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Do I have to disable my onboard soundcard?

It depends, however in most cases it is not needed and it can often even be helpful to keep it enabled when using one of our audio interfaces.

You might have read somewhere that it is important to disable the onboard soundcard when using a professional audio interface, no matter if it is a PCI, PCIe, USB or FireWire interface. In the past when system resources (like IRQs or DMA channels) were a critical issue to get an accessory running in a computer, it was often a good advice to disable any devices that you don't really need, including the onboard soundcard of your computer's mainboard. Many texts from magazines, online resources, discussions forums, etc. will tell you to disable onboard sound, often no-matter-what. However, in most cases modern computers no longer have any problems with the available resources and it can in fact be a nice advantage to keep the onboard audio hardware enabled. For example, you could use it for things like internet phone calls, speech recognition software, payback of system sounds via computer speakers, etc. - it is often the best option not to do this with the audio interface which you would want to use for professional applications and recording instead. Because of that, we often recommend our customers in technical support to actually keep it enabled.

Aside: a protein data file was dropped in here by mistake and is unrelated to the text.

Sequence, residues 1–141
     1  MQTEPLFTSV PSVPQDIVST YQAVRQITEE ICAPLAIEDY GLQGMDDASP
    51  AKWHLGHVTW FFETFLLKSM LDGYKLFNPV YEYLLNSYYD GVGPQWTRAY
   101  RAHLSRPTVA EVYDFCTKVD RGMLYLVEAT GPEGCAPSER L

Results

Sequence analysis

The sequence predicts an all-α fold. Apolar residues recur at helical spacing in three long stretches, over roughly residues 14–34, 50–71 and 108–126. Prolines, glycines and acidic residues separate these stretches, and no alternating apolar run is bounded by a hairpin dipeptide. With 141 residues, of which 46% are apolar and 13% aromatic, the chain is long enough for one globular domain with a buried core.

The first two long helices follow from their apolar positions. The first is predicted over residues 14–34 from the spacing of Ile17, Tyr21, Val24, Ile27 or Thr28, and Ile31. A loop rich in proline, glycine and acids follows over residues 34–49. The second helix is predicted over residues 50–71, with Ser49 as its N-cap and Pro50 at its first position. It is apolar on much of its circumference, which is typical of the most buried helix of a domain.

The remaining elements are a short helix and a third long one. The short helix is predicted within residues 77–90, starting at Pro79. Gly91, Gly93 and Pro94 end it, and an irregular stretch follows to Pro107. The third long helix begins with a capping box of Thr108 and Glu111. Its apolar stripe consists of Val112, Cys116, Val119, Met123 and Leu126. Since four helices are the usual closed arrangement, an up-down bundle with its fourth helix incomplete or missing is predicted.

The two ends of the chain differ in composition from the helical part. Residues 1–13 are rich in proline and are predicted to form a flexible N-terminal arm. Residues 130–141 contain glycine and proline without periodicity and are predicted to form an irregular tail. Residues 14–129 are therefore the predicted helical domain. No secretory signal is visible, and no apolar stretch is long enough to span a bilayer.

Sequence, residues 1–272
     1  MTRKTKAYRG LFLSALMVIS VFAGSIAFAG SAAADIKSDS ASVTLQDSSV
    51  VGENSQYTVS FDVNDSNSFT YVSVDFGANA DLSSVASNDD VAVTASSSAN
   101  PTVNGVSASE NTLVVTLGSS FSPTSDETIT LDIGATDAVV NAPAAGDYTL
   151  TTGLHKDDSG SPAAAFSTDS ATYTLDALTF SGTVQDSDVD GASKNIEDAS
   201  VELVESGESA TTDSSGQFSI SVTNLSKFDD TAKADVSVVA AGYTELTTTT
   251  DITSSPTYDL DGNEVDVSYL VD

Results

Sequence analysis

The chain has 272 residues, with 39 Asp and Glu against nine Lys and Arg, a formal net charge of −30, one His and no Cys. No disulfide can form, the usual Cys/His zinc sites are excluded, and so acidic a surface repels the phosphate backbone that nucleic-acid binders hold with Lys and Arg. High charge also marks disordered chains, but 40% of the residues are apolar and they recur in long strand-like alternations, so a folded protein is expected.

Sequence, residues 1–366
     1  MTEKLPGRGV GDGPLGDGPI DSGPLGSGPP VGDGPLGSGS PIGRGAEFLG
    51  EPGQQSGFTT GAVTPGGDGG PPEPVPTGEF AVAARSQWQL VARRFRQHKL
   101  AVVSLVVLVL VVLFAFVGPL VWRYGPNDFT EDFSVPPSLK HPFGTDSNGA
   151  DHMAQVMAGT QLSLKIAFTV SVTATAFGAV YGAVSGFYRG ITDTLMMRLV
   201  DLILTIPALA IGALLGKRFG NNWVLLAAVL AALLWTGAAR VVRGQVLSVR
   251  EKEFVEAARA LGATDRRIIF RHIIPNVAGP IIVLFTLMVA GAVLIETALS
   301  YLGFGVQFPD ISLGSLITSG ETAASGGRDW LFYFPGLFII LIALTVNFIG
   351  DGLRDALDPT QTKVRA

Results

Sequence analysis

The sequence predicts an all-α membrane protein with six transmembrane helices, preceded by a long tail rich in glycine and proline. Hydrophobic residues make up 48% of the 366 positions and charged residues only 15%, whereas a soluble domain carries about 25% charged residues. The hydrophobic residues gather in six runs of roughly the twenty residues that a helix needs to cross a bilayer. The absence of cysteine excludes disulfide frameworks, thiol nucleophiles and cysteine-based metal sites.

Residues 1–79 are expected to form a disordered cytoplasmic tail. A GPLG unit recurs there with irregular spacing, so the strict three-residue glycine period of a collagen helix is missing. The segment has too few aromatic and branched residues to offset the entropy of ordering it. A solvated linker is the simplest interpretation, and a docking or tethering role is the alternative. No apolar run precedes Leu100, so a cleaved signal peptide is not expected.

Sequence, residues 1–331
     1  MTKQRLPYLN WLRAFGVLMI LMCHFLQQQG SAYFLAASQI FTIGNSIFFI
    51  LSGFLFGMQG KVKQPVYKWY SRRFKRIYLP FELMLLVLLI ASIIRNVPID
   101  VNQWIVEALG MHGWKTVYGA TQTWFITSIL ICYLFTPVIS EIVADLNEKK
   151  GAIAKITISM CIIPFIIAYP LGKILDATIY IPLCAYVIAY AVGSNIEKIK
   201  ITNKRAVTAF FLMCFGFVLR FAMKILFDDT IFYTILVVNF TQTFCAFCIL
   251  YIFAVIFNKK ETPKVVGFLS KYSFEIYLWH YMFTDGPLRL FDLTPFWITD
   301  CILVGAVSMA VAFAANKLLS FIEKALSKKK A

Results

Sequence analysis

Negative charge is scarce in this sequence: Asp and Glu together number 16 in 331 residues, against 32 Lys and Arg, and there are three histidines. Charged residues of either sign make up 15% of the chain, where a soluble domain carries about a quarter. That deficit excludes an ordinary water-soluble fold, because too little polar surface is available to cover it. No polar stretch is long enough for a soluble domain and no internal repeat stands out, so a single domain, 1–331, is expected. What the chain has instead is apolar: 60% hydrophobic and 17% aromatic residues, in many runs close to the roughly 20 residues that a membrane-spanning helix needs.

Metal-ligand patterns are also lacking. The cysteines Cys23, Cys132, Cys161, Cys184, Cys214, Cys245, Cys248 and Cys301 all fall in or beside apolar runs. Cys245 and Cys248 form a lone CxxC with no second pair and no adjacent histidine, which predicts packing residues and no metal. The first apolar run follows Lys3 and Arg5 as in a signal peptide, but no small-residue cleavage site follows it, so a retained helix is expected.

Obviously there are exceptions to any rule - for example, some PC mainboards do not allow you to keep onboard sound enabled once a PCI or PCIe audio hardware is installed. The mainboard's BIOS automatically disables onboard sound sometimes even. You might want to check the manual of your PC mainboard to get more information about this.

Please keep in mind that if you decide to keep it enabled, make sure to install the drivers for the onboard soundcard before you install and start using your ESI audio interface. Also you need to decide which audio device, your onboard soundcard or the ESI audio interface, should play the system sounds and be used as default device for standard applications such as Windows Media Player, iTunes, etc.

If you decide to disable it, please double check with the manual of your PC mainboard on how to disable it in BIOS. It is not enough and we strongly advise against simply disabling it in the Device Manager - it has to be disabled in BIOS and in some cases even more than one setting must be changed there. Your PC manufacturer or the vendor of your PC mainboard will have the required information for it.

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